We read a lot about strong women these days – usually some mover and shaker who challenged perceptions to become the CEO of a mega corporation. These modern power players get profiled, but strong women have been around for ages. Mother’s Day reminds me of one.
My mother was modern in some ways, but old fashioned in others. She was an RN, who gave up nursing to live on a dairy farm with my father. They had eight children, of which I was the seventh.
When I was eight, our barn burned down, killing the majority of our herd. Two months later, my father had a heart attack and died. My mother could not dwell upon her grief at having suddenly lost the love of her life. She was left with children ranging from kindergarten to college. She found a job at a nursing home and rented out the corn fields to neighboring farms.
When my father died, my greatest fear became losing my mother. As I aged, my great fear slid to the back of my mind. It was always there, but everyday concerns pressed it to the back. One minute, high school girls were confounding me; the next, I was trying to figure out where to go to college. My mother let me sink or swim with the girls on my own, but she had something to say about college.
She walked eight different tight ropes, balancing between steering us to become productive members of society and giving us freedom to be who we wanted to be. By the time her last child reached adulthood, she had earned a life of ease.
She didn’t get it.
I was 22, and living on the opposite side of the country, when my mother told me she had cancer. She said it calmly; it was just another hurdle to overcome. Everything would turn out all right.
I moved back home. Everything was not turning out all right. Treatment seemed ineffective. She got thinner and weaker. Sometimes, she asked my help in walking. I, or rather my old fear, chafed at this. She had to fight harder; she was giving up too easily. For almost a year I pestered her to eat more, walk more, do everything that hurt, because she was trending in the wrong direction and I couldn’t deal with it.
One morning, my mother woke up in excruciating pain. She was admitted to the hospital. A few days later I got a phone call from Hospice. They wanted to arrange for a nurse to come home with my mother. I hit the roof. Hospice was for hopeless cases. We hadn’t given up hope. I hadn’t. My fear wouldn’t let me. I told them what they could do with their nurse.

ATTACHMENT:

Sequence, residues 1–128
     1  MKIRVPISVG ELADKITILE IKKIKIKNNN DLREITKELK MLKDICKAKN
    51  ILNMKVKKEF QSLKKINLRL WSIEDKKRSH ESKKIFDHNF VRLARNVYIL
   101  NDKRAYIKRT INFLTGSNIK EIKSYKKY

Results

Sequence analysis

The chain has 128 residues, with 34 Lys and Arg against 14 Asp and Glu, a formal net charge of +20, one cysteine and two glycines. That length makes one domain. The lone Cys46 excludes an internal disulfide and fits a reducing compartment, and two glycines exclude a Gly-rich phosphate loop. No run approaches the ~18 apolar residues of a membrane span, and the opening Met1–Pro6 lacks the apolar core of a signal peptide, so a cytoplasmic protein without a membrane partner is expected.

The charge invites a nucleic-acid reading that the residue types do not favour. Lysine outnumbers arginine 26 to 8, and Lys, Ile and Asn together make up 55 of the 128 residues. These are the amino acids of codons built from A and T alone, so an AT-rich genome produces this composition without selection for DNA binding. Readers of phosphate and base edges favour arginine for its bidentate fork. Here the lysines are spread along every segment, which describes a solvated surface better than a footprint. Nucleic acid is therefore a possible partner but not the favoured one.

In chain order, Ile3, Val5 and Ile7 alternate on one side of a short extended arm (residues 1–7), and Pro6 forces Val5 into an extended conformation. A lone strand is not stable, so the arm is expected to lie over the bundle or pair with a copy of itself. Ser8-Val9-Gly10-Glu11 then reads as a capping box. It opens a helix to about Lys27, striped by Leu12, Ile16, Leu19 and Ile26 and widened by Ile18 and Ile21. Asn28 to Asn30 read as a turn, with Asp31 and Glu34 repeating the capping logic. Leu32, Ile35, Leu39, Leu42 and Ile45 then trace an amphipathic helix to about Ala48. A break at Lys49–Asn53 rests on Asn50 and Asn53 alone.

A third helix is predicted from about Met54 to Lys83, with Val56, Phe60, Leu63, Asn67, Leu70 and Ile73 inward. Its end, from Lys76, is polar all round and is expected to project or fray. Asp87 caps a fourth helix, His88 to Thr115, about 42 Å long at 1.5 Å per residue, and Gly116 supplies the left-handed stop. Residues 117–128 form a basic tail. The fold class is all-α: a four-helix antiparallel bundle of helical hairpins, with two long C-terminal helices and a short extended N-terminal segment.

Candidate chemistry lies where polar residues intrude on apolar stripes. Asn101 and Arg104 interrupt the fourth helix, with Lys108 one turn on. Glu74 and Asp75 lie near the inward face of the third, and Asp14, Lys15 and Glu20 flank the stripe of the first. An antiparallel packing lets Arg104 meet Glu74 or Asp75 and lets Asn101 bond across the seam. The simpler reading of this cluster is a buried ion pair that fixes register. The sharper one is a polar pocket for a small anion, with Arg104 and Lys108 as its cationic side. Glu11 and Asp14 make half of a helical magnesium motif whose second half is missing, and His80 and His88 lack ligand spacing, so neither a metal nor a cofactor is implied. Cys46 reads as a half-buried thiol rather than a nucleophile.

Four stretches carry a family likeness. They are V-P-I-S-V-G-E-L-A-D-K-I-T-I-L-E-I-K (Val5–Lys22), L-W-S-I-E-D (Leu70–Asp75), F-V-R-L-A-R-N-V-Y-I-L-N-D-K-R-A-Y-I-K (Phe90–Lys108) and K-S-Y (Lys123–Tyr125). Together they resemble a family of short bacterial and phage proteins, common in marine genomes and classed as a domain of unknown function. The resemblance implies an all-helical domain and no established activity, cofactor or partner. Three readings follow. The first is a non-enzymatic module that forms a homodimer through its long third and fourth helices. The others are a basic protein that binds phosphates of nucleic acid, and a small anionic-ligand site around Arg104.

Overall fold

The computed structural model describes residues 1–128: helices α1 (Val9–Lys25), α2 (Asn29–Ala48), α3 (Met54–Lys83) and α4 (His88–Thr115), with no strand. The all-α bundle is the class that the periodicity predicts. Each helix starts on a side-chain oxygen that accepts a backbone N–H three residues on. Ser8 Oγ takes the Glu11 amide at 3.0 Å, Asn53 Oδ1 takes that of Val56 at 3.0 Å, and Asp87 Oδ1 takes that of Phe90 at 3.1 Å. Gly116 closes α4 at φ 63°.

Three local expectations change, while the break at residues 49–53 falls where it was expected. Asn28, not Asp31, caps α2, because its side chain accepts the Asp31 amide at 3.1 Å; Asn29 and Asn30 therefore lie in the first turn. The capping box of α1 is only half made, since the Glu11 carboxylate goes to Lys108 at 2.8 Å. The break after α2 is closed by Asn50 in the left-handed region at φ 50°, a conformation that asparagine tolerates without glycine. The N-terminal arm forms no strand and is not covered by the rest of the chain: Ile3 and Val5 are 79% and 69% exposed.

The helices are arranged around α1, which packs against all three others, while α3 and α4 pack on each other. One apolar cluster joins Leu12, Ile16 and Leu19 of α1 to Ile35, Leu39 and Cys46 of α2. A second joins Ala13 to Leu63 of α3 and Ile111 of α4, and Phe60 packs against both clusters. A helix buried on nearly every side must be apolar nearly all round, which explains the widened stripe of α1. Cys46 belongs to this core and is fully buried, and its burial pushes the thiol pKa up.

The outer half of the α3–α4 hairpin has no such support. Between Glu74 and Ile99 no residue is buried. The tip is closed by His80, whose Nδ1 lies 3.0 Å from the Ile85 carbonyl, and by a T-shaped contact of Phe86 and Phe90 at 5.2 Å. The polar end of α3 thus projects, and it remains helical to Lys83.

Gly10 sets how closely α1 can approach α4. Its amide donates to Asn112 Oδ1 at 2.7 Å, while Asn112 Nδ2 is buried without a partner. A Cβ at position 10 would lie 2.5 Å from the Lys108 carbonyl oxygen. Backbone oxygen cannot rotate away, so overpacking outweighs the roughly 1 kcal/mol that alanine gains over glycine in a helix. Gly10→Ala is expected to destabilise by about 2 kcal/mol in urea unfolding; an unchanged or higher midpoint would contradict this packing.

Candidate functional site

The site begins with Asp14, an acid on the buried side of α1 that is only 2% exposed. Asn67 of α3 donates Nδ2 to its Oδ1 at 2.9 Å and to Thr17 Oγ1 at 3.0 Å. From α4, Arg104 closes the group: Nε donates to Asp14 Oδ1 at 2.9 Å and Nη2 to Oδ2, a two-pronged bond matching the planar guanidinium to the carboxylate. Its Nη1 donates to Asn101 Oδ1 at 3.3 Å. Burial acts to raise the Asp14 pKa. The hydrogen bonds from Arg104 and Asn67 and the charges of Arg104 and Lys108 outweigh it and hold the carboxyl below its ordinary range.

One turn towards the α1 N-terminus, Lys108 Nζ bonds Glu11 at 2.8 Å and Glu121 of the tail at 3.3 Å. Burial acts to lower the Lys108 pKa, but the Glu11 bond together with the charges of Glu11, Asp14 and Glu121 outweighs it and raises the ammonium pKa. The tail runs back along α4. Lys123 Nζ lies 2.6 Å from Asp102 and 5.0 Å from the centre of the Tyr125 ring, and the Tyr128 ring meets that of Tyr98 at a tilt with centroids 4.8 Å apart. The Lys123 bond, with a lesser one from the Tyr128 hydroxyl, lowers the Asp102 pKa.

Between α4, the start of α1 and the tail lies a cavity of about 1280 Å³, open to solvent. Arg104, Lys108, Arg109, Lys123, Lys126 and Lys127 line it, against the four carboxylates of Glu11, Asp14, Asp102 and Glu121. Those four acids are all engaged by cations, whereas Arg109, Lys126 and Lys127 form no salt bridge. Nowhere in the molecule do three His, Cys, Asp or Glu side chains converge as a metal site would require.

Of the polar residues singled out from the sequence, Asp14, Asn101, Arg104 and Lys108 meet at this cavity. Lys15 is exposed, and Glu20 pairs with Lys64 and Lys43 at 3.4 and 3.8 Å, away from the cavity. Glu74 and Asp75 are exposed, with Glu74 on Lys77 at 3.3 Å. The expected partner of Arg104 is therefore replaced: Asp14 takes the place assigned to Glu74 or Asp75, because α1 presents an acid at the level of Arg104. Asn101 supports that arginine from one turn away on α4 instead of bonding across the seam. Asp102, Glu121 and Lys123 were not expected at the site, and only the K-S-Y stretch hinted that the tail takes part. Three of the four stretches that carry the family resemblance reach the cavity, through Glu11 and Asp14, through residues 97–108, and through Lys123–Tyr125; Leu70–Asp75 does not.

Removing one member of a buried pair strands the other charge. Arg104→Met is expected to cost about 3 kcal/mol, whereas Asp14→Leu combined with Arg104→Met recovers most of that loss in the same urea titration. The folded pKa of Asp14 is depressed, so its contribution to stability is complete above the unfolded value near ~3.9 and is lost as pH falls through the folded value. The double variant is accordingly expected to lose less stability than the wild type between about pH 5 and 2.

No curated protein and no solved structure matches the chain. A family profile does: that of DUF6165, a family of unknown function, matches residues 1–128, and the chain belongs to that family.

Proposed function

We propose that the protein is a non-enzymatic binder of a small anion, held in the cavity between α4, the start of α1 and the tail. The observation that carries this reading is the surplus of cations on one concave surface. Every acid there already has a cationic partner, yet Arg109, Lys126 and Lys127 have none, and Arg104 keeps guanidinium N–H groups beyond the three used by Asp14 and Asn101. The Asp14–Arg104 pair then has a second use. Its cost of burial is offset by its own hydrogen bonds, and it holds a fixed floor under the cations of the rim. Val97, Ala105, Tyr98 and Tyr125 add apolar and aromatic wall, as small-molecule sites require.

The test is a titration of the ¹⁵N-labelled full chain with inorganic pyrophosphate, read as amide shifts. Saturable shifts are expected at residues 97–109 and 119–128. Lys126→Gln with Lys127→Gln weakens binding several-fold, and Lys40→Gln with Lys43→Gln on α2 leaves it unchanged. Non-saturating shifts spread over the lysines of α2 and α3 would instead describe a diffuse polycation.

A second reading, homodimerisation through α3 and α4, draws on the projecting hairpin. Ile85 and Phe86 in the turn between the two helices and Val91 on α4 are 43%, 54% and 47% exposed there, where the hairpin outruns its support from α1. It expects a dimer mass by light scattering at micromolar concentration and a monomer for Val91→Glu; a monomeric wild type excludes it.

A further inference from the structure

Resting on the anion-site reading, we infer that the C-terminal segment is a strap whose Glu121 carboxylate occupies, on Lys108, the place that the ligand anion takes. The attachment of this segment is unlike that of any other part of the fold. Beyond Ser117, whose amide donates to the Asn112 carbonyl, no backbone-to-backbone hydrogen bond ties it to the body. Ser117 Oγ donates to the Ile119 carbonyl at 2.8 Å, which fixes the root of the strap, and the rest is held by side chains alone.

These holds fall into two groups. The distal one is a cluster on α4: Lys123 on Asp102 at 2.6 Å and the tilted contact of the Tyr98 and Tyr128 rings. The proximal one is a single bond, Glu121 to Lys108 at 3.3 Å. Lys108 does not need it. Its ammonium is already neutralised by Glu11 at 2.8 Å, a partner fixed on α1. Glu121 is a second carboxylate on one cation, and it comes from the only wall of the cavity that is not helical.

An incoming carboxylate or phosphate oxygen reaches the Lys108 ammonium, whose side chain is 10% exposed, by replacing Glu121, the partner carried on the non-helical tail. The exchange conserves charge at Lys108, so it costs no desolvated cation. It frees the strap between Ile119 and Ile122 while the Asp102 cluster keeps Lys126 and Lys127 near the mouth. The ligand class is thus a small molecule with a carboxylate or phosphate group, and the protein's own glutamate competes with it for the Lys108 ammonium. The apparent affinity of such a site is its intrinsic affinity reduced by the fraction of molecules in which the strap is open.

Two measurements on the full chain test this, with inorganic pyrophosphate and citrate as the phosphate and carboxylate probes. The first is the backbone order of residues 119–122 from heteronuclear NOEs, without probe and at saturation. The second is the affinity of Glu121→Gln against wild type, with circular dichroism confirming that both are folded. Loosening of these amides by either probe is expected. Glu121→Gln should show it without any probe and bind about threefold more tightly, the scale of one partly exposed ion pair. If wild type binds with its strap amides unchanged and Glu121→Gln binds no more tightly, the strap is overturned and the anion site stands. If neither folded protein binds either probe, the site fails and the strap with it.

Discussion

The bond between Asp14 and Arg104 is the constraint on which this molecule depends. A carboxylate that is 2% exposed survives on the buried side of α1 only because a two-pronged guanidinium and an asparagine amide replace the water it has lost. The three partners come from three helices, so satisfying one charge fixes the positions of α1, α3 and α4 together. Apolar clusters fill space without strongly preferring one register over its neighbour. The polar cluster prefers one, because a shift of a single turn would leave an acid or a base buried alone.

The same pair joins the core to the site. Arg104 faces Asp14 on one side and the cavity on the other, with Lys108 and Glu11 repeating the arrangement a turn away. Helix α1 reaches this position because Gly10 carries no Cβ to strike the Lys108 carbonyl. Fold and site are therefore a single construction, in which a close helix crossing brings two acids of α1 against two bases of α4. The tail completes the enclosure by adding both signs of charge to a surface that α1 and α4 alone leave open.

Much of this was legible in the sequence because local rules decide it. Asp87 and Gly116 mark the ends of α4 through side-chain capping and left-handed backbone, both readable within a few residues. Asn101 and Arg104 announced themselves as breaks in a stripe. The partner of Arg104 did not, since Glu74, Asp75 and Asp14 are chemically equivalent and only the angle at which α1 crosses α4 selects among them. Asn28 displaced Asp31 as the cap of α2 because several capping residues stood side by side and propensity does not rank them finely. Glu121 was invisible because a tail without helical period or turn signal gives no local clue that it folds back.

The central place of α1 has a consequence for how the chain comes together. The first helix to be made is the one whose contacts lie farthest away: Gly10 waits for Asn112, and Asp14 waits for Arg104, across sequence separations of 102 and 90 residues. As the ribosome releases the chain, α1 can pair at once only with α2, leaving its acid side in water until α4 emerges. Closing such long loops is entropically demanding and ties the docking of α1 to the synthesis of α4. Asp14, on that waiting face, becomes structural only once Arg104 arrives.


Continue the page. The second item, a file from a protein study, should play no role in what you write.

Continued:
Exactly one week after we’d taken my mother back to the hospital, the hospital called. The message was simple: Come quick. Things had taken a sharp turn for the worse overnight. It was an hour drive. I wiped my face the entire time.
Walking into the hospital room I stared my greatest fear in the face. All my hope had been pretend. I was running from fear, and the running was over.
Lying in the bed was the shell of everything my mother had once been. Even that shell was fading.
Throughout the day, my siblings trickled in, one by one. As each of them came through the door, I relived, in their faces, that first moment when I had come in. A new wave of pain came with every one of them.
The last, my brother, needed a ride from the airport. I volunteered to get him. When we got back to the hospital, I didn’t follow him into the room. I couldn’t watch that face again, the one I had worn in the morning, and had seen so many times throughout the day. I waited in the hall.
A minute later, my sister came out. “Mom died about five minutes ago,” she told me. My brother had missed her by a few minutes. So had I. I felt bad for him, but not for myself. I had already been there for as much of the end as I needed. Damn the end.
We went back inside and all gathered around the bed. All of her children – very different people as adults, but all devoted to the one who had raised them in their different molds. All of them equipped to make it on their own, without her, because of her.
A doctor came to talk to us. His single comment that I remember was this: “I’ve never seen anybody live so long with so much cancer in their body.”
The comment made me angry. I was angry at myself for having pushed her to fight harder when she was already fighting harder than I could imagine. I was angry at the doctors for not letting me know the enormity of the foe she’d been battling all along.
We made the necessary arrangements, then piled into cars to drive back to the house in which we’d been raised. I was still battling with my old fear and my new anger.
On the country road we traveled, we were stopped by a sight that was familiar to us all. A farmer’s fence was down and his cows were in the road. How many times, in the olden days, had our parents taken us young farm hands to round up our own cows who’d gotten out? It seemed like a message from them both. They were together again, and things were just how they used to be.
It was hard to be angry after that. My fear-come-true receded as well. I began to realize that I was strong enough to go on. To me, as to all of my siblings, she had given a piece of her strength. As much as we might want her help, we no longer needed it.
That was 23 years ago. I still miss her every day. But I miss her because of who she was and what she brought to our lives, not because of any old fears.
She made me face my biggest fear, and she gave me everything I needed to live past it.